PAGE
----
Coronavirus: even vaccines for all the world’s vulnerable is no guarantee of a ‘silver bullet’, says WHO

Sarah Zheng
·4-min read

The World Health Organization said high-risk populations in all countries might be able to receive the Covid-19 vaccine by the end of 2021 but the vaccine was “not a silver bullet” for resolving the global pandemic.

Takeshi Kasai, the global health agency’s regional director for the Western Pacific, said on Thursday the vaccine roll-out for most in the region would likely be in mid to late 2021 but that vaccines would initially be available in limited quantities and high-risk groups should be a priority.

“If the right scale and type of investment are made, the end of 2021, next year, should have adequate doses to vaccinate a high-priority population in all countries around the world,” he said. “For others, beyond those high-risk groups, we may be looking for another 12 to 24 months before the majority of people have received this vaccine, and even then, there is some uncertainty and unknowns.”

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The WHO has said people older than 60 and those with underlying health conditions are considered high risk. Health care workers and essential workers are seen as priority groups for vaccination.

While Kasai said news of early vaccine roll-outs in Britain and the United States was “very promising”, he cautioned that developing safe vaccines was different to producing them in quantities big enough to reach everyone.

“There is some light at the end of a long tunnel but these vaccines are not a silver bullet that will end the pandemic in the near future,” he said. “This means that, tired as we all are of this pandemic, we must stick to the actions and behaviours which protect not only ourselves but also those around us: hand washing, mask wearing, physical distancing and avoiding places that have a high risk of transmission.”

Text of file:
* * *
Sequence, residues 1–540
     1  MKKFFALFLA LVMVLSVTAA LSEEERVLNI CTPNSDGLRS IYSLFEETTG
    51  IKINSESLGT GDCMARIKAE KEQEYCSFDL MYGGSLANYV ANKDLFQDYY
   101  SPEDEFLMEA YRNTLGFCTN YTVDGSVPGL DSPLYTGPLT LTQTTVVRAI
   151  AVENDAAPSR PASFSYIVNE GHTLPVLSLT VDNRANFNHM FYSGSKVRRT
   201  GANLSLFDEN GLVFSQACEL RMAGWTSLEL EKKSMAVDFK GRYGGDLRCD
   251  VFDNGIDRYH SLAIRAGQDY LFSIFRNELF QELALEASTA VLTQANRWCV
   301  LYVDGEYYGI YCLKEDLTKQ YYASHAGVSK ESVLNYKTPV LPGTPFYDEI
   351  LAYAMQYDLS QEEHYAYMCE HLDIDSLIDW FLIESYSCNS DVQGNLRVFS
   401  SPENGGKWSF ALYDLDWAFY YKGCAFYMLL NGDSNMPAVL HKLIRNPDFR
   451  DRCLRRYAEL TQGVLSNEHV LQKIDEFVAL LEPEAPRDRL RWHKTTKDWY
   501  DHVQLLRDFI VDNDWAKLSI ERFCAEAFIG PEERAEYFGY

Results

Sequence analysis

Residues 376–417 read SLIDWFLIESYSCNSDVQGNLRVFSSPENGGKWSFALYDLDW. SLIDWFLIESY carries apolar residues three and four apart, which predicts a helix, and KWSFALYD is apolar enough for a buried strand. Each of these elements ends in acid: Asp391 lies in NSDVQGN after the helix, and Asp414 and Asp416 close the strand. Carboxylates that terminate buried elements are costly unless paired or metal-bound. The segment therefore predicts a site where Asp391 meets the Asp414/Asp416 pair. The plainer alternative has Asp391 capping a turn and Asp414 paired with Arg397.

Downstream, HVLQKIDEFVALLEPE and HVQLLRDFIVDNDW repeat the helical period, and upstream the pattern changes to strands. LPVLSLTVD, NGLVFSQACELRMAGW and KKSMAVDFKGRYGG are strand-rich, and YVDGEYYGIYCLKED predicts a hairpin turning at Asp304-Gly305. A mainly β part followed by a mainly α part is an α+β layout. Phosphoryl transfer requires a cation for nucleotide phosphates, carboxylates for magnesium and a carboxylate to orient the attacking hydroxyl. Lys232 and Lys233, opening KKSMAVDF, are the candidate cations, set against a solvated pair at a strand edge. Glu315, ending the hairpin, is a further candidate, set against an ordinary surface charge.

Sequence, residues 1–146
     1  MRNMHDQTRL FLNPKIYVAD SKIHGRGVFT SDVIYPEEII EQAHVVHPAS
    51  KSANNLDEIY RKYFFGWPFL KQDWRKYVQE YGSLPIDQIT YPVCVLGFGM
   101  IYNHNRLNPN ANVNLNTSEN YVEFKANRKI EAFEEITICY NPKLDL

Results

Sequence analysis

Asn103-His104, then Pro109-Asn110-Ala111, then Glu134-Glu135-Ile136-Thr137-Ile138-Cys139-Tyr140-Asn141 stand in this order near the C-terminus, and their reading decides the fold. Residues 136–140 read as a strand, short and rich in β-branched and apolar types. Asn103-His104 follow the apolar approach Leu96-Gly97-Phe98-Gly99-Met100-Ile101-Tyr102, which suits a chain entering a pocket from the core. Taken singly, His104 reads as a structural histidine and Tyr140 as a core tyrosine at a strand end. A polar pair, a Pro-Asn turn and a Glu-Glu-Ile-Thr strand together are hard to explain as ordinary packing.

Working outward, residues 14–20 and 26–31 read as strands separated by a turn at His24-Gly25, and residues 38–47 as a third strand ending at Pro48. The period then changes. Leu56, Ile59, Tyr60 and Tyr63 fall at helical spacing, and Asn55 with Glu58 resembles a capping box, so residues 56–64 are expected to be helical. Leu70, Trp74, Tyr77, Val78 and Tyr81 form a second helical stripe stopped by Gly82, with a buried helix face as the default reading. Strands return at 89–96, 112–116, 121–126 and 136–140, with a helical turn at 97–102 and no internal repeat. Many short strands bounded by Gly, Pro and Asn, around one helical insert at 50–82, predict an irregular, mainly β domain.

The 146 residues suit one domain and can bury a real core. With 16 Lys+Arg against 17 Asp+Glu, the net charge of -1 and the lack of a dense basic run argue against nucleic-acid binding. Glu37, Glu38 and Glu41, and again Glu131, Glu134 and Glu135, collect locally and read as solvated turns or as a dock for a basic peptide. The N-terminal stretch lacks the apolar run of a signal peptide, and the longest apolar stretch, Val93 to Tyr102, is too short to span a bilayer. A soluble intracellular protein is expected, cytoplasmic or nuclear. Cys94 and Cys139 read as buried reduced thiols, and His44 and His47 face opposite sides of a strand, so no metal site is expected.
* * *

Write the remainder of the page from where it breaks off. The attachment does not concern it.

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As global coronavirus cases have ticked up to nearly 72 million, including 1.6 million deaths, the world has waited eagerly for the arrival of Covid-19 vaccines. Britain was the first to approve a vaccine developed by Germany’s BioNTech and US-based Pfizer, with the first doses delivered to people in Britain, the US and Canada in recent days.

China has secured 100 million doses of the BioNTech vaccine by the end of 2021, enough to cover 50 million people with the two required shots of the mRNA-based vaccine. According to the phase 3 study of the vaccine it was found to be 95 per cent effective against Covid-19 compared to a placebo.

Chinese officials said earlier that China planned to have 600 million doses of inactivated Covid-19 vaccines ready for market launch by the end of the year.

The United Arab Emirates and Bahrain have both approved China‘s Sinopharm vaccine after trials showed it was 86 per cent effective, although experts have raised concerns because the complete trial data has not been made public.

The WHO said it would work to ensure fair and equitable access to Covid-19 vaccines, including through the Covax Facility global scheme that aims to deliver at least 2 billion vaccine doses by the end of next year for people in poorer countries. But Reuters reported late on Wednesday that an internal report by the board of Gavi, which leads Covax with the WHO, said the “risk of a failure to establish a successful Covax Facility is very high”.

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Babatunde Olowokure, the WHO’s regional emergency director, said on Thursday that mass vaccinations would still not stop the virus and that public health interventions, including social distancing and mask wearing, would remain part of the “new normal”.

Since several places in the region, such as Hong Kong, had reported increases in cases and localised community transmission, he said there was a need for “decisive, localised response that focuses on testing, isolation of cases, contact tracing, as well as quarantine”.

As Hong Kong struggles with its fourth wave, Chief Executive Carrie Lam Cheng Yuet-ngor said a deal had been reached to secure 15 million shots of Covid-19 vaccines, with the first batch of 1 million from mainland supplier Sinovac Biotech arriving in January, followed by another 1 million from BioNTech by the first quarter of 2021. The vaccine from British-Swedish maker AstraZeneca is expected to deliver 7.5 million shots by the second half of next year at the earliest.

Olowokure added that the WHO’s international delegation to China was likely to visit the country in early January, after Beijing’s earlier protests against calls for an independent inquiry into the virus in China and criticisms of its early handling of the outbreak.

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